“I briefly attended an event hosted by Arlington Democrats as a school board candidate… I left early and before the event started, when I saw that Russian named vodka, originally started in Moscow, was being offered for purchase,” he wrote. “I am confused and appalled by this and would like to say that this is an oversight and greater symptom of a larger problem in Arlington politics.”

A day after the initial publication of this article, Clark clarified that the vodka issue was not the only reason he left the event early, while adding that it “speaks to being out of touch on what our community might regard as tasteless and, although seemingly insignificant to others, [and] represents tacit support for Russia.”

Rives, meanwhile, is not seeking the Democratic endorsement, and is running as an independent. He is a psychiatrist and serves as co-chair of Arlington Public Schools’ School Health Advisory Board.

Rives has lived in Fairlington with his wife Carmen since 2003, and their children attend Wakefield High School and Claremont Elementary.

As a physician with a background in mental health, he said he can bring a unique perspective to the board. He particularly wants to help as schools recover from the effects of the pandemic, keeping schools open so students can catch up on lost skills and ensuring the school system retains its teachers.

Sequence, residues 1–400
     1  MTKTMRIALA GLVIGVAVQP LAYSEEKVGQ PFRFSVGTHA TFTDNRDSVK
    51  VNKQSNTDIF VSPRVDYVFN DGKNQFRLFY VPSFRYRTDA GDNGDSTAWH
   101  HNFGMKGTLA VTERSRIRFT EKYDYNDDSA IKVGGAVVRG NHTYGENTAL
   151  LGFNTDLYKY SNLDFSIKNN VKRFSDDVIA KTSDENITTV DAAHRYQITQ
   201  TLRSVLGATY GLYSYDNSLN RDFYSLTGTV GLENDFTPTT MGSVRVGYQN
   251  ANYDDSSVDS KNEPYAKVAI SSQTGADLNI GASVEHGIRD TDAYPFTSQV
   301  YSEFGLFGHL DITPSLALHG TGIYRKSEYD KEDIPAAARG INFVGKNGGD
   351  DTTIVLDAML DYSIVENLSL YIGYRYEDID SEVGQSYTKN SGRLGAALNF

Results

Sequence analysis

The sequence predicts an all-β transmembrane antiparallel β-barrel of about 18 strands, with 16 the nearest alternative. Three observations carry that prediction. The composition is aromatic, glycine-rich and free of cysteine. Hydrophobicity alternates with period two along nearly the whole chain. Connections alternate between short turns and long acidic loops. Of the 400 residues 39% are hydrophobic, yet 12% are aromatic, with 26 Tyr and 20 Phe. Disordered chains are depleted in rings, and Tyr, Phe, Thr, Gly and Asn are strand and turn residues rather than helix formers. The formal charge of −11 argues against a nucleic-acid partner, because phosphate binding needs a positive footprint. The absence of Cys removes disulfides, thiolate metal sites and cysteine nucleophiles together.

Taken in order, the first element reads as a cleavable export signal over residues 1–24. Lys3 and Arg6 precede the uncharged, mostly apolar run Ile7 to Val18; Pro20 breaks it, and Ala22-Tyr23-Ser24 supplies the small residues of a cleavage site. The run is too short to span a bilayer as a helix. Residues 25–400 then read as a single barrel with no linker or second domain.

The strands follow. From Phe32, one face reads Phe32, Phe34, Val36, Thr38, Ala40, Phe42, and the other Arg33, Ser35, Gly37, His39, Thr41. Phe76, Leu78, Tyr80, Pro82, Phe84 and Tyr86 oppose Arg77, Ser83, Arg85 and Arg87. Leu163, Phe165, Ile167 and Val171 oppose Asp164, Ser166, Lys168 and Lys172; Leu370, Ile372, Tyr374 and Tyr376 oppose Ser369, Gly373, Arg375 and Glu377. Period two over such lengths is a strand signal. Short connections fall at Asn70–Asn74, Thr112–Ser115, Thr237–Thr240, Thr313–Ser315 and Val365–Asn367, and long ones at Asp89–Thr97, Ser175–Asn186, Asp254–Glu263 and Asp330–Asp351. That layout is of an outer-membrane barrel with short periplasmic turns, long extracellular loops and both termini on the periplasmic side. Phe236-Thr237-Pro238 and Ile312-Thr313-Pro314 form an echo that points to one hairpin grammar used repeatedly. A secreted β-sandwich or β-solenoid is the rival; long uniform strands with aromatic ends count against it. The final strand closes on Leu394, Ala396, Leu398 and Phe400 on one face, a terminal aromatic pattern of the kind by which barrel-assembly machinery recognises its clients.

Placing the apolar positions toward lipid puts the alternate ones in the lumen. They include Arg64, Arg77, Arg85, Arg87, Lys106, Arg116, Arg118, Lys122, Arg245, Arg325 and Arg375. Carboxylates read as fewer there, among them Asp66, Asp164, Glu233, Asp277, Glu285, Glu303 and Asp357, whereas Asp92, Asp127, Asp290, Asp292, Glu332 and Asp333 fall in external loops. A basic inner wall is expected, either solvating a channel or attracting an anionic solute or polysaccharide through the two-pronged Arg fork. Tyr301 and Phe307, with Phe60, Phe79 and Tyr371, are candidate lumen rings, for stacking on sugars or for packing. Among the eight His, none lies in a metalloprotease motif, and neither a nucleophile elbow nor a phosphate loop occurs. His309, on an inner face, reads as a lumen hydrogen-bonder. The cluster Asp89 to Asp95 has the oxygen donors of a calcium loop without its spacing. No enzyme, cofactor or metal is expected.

“Restarting has been bumpy,” he said. “I want to help get back on track.”

The endorsement

The Arlington branch of the NAACP, the pro-open-schools group Arlington Parents for Education and a group of self-identified Democrats have separately called on ACDC to end or reform its endorsement process. The groups claimed that white, wealthy Arlington residents are overrepresented in the caucus, and that it discourages election participation while making nonpartisan officials beholden to a political party, among other concerns.

But a vote on the issue upheld the process. The party instead made some changes to this year’s caucus, including an extended voting period.

“We incorporated a lot of community feedback, adding more voting dates with a broad community outreach effort to make the process more inclusive and equitable,” ACDC Chair Steve Baker said in a press release. “We want the best process possible and the County Committee will continue to invite feedback and assess alternatives.”

A candidates forum will be held on May 14.

All registered voters in Arlington County who are Democrats are invited to vote in the caucus, according to ACDC. The times and locations are below.

  • Saturday, June 4: Lubber Run Community Center from 9 a.m.-4 p.m.
  • Sunday, June 5: Drew Elementary School from 9 a.m.-5 p.m.
  • Tuesday, June 7: Campbell Elementary School from 7-9 p.m.
  • Saturday, June 11: Washington-Liberty High School from 10 a.m.-6 p.m.

The deadline for candidates to qualify to have their name on the ballot in the general election is June 21 at 7 p.m.